Ukraine crisis: Russia grants six-day extension on gas bill(Read article summary)
Gazprom has given Ukraine's government six more days to pay $3.5 billion in outstanding gas charges. It comes as the Ukraine crisis deteriorates in the east, where pro-Russian forces are clashing with the Ukraine military.
Gazprom has agreed to grant the Ukrainian government a six-day extension on its multi-billion dollar natural gas bill after Kiev agreed to a partial payment on May 30. Russia had previously issued a June 3 deadline for full payment of $3.5 billion in outstanding gas charges, but Moscow pushed back the deadline until June 9 after the Ukrainian government wired an initial $786 million.
The payment has contributed to a slight thaw in relations between the two sides and allowed them to enter into negotiations to end the standoff, albeit within a very limited timeframe. “Along with the decision to delay introduction of advance payment to June 9, Gazprom decided not to sue Ukraine’s Naftogaz at Stockholm international arbitration court for this period of time,” Gazprom’s CEO Alexei Miller said.
Ukraine is pushing for a return to the discounted price it received from Russia for natural gas before the ouster of former President Viktor Yanukovych. Beginning on April 1, Gazprom decided to increase the natural gas price it sold to Ukraine from $268.50 per thousand cubic meters to $485, a nearly doubling of the price. Ukraine has criticized the move as politically motivated.
Moreover, Russia has demanded Ukraine prepay for gas imports, but suggested that it would be open to compromise if Ukraine paid off its debt. “The Russian side would be ready to look into the resolution of the pricing scheme issue through cuts in exports custom duty,” Miller said, according toReuters.
While the two sides inched forward towards an agreement after Ukraine sent its initial payment, it is hard to imagine how they can arrive at a resolution. Russia has shown almost no sign of willingness to return to Yanukovych-era prices, and Ukraine almost certainly cannot pay the prices demanded by Moscow.
Now that the government in Kiev is headed up by decidedly pro-Western nationalists – a development confirmed by the election of Petro Poroshenko – the Kremlin has seemingly embarked upon a strategy of destabilizing Ukraine. It has quietly supported armed pro-Russian separatist groups in eastern Ukraine in an effort to zero out any influence that Kiev once had there. (Related Article: Ukraine: The Real Energy Crisis Starts in June)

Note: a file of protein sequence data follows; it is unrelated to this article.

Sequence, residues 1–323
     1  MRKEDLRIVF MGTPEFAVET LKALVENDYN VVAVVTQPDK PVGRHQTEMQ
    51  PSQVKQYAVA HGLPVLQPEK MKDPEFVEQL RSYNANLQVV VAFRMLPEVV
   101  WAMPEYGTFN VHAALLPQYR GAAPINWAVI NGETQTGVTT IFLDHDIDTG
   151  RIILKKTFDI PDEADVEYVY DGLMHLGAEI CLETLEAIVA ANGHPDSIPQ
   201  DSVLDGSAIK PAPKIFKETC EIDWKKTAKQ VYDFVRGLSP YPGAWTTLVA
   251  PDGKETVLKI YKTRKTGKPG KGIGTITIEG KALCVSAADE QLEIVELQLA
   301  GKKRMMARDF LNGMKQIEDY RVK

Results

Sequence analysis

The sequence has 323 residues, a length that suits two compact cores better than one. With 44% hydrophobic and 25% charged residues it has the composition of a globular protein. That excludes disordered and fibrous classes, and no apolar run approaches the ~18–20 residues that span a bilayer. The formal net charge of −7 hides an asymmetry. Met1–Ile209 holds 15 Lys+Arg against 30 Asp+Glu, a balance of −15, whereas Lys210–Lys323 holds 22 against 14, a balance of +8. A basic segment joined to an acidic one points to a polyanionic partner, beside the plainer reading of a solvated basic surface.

With both sides digging in, Ukraine is descending closer and closer to a full-on civil war. Last week, pro-Russian forces claimed that 30 to 35 separatists were killed in clashes with Ukrainian military. On June 2, pro-Russian forces struck back in Luhansk, as hundreds of militants attacked a border checkpoint set up by Ukrainian border guards.
(An excellent short film by PBS Frontline highlights how intractable ideological differences between eastern and western Ukraine are pushing the country to the brink of civil war.)
As the violence escalates, Russian Foreign Minister Sergei Lavrov has vowed to bring a resolution to the United Nations Security Council on June 2 that calls for the creation of humanitarian corridors in eastern Ukraine.
Pinning much of the blame for the violence on the Ukrainian government, Lavrov lashed out at Western media for slanted coverage. “We are very concerned about what is going on. People die every day and civilians suffer increasingly. The army, combat aviation, and heavy weapons continue to be used against them. Residential quarters are under fire, and all these things can be watched virtually live,” Lavrov said. “Unfortunately, most Western media keep silent about this information and show different pictures.”
The outlook is not good. Ukraine’s partial payment for natural gas deliveries contributed to a minor improvement in relations between Kiev and Moscow, but the next steps are much harder. The two sides are far apart on permanent agreement over prices. But more importantly, the country is being ripped apart by militias on both sides and there are few reasons to believe that Poroshenko will be able to reunite the country.
Nationalists in western Ukraine will not stop until pro-Russian forces are completely pacified and defeated, and Russia and its supporters in the eastern provinces are completely unwilling to recognize the government in Kiev. For now, the two sides are placing their hopes on gaining leverage through armed conflict.